Effects of tea on hippocampal neurons

Philip A Schwartzkroin, David A. Prince

Research output: Contribution to journalArticle

74 Scopus citations

Abstract

The effects of the potassium channel blockers, tetraethylammonium (TEA) and tetramethylammonium (TMA) on behavior of hippocampal CA1 neurons were studied in the in vitro slice preparation. Intracellular injections of TEA produced marked spike broadening, increased input resistance, and a prolongation of a putative slow calcium-activated afterhyperpolarization (AHP). Little effect was seen on synaptic potentials. Bursting activity induced by TEA in hippocampal neurons was qualitatively different from the epileptiform bursting induced by raising extracellular potassium concentrations or by including penicillin in the bathing medium. Effects of TMA were qualitatively similar to those of TEA, but much slower and less dramatic. The results suggested that there are at least two different potassium channels in the membranes of hippocampal CA1 neurons, and that both were important in determining normal neuronal activity. TEA appeared to preferentially block a fast, voltage-dependent potassium conductance (gk); however, it also modified the slow, calcium-activated gk. Although cell bursting activity may have resulted from blockade of a gk produced by TEA treatment, the epileptiform bursts produced by penicillin exposure appeared to be independent of this mechanism.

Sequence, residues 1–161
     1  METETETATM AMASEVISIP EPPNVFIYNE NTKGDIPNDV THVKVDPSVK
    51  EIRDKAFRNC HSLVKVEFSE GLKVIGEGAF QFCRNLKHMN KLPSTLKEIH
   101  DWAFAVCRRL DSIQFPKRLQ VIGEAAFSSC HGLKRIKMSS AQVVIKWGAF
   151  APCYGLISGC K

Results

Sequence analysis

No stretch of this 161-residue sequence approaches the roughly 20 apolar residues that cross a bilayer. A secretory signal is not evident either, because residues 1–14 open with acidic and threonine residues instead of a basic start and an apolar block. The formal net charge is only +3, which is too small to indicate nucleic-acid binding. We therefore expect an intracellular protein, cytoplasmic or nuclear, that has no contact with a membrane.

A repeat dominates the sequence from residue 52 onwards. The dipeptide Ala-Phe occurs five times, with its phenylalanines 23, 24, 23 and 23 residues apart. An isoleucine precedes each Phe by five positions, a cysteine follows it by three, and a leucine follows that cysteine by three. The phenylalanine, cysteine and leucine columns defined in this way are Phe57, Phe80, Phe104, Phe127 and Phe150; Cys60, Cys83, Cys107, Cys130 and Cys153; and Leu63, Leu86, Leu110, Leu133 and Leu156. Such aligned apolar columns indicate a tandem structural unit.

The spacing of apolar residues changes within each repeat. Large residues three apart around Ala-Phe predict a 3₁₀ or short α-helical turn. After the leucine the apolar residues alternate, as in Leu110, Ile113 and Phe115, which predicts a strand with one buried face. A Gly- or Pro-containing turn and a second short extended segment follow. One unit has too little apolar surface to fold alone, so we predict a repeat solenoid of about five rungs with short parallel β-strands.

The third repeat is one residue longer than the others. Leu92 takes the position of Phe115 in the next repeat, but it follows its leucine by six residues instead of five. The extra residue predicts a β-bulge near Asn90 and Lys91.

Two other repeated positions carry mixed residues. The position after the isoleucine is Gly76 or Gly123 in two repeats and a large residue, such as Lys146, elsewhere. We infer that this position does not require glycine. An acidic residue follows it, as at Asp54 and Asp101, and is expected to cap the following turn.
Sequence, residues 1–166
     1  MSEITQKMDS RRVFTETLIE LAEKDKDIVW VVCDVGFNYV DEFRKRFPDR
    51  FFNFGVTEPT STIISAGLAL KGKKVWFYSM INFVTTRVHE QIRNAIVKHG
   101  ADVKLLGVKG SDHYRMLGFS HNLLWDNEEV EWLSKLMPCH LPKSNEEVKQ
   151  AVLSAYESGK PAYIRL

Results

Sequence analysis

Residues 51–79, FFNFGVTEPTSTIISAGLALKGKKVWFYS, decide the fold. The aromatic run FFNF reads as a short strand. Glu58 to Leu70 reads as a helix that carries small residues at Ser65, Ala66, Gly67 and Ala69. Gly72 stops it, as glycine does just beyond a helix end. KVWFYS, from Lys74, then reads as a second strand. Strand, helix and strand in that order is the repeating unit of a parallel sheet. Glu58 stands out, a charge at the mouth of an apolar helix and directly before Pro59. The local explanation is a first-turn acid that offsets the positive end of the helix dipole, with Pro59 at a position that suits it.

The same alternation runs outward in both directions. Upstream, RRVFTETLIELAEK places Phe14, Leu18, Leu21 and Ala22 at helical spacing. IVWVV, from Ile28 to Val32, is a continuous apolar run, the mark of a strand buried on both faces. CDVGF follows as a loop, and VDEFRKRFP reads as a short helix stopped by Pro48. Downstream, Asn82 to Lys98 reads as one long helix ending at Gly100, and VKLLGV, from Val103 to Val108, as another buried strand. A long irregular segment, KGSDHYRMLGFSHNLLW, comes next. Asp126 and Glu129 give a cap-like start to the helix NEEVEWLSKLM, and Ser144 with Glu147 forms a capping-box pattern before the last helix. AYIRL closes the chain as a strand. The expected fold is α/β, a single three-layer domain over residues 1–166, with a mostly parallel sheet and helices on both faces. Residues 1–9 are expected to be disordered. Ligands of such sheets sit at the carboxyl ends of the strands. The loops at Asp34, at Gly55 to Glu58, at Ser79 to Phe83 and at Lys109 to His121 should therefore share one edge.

Original languageEnglish (US)
Pages (from-to)169-181
Number of pages13
JournalBrain Research
Volume185
Issue number1
DOIs
StatePublished - Mar 3 1980
Externally publishedYes

Keywords

  • afterhyperpolarization
  • hippocampus
  • potassium conductance
  • TEA

ASJC Scopus subject areas

  • Developmental Biology
  • Molecular Biology
  • Clinical Neurology
  • Neuroscience(all)

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